About that Eulogy

Is life conspiring to tell me something about death? Our recent two-week trip to see national parks out west began with a visit to a long-time friend who had recently lost her husband. While on the trip, we received three notices of deaths among friends or their families. Shortly after we arrived at home, we learned that one of Al’s classmates had died.

As if this wasn’t enough to get my attention, I opened my most recent Poets and Writers magazine to find an article “The Art of Death: Writing the Final Story” by Edwidge Danticat taken from her book by the same name. In the article, she focuses on her own mother’s death. She brings up the possibility of writing one’s own eulogy while one is healthy and death is still an abstraction and suggests that writing or talking about one’s death makes one an active participant in one’s own life.

In her take, Death is not always the enemy, nor was it the adversary in all the messages we received. Sorrow was a presence in all of them sandwiched as they were before, during, and after our trip, but some were also merciful releases from pain and suffering. I didn’t apply any of these deaths to myself, however, until I read the article.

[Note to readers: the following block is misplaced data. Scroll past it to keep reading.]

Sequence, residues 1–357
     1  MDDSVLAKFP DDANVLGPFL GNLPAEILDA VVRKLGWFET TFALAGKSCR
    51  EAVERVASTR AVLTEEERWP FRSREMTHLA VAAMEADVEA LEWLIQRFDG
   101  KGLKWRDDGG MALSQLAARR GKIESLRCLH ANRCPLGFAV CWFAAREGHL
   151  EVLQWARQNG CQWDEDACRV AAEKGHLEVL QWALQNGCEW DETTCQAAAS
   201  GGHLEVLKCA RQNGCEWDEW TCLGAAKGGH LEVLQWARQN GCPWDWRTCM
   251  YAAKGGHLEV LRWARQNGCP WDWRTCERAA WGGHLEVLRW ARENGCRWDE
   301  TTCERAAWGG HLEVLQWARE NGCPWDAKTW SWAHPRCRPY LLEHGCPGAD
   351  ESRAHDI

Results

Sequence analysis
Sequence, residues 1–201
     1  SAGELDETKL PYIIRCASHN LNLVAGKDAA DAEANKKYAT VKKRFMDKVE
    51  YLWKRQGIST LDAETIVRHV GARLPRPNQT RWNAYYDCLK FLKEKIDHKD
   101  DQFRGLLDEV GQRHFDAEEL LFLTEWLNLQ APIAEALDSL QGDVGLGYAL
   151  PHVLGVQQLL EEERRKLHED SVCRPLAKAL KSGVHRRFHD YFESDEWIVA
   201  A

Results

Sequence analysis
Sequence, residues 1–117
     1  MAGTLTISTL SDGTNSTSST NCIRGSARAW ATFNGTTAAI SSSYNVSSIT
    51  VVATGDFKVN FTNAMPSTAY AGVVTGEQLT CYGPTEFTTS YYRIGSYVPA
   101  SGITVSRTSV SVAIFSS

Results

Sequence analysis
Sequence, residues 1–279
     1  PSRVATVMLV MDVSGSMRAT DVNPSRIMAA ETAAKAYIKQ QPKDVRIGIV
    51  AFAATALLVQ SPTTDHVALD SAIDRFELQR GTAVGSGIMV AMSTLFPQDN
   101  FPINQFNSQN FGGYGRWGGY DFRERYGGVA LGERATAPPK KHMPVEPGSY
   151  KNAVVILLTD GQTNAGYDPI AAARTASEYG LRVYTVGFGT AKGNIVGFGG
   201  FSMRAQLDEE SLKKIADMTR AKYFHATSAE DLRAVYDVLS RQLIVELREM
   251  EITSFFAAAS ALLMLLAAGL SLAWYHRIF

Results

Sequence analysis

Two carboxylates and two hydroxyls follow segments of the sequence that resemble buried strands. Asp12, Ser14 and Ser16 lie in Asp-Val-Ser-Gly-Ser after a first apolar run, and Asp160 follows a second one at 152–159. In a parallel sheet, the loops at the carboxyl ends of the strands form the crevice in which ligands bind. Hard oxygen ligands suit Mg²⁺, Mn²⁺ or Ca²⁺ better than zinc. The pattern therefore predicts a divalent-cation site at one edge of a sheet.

Obviously, if you’ve been paying attention, you’ve noticed that I write a variety of things. However, my eulogy is not going to be one of them. As I’ve mulled this over, I’ve come up with a plan which I will suggest for your consideration if should you outlive me – not that I expect this to happen any time soon. Skip the eulogy, and throw a party. Discuss a few books we’ve shared. Talk about the good times we had together. Laugh at my human frailties, applying forgiveness where needed.

Edwidge closes her article with a Haitian expression that means “over the water” and can mean someone has traveled abroad or has died. If I’m where I expect to be once this life has ended, I’ll look down from over the water and enjoy the celebration.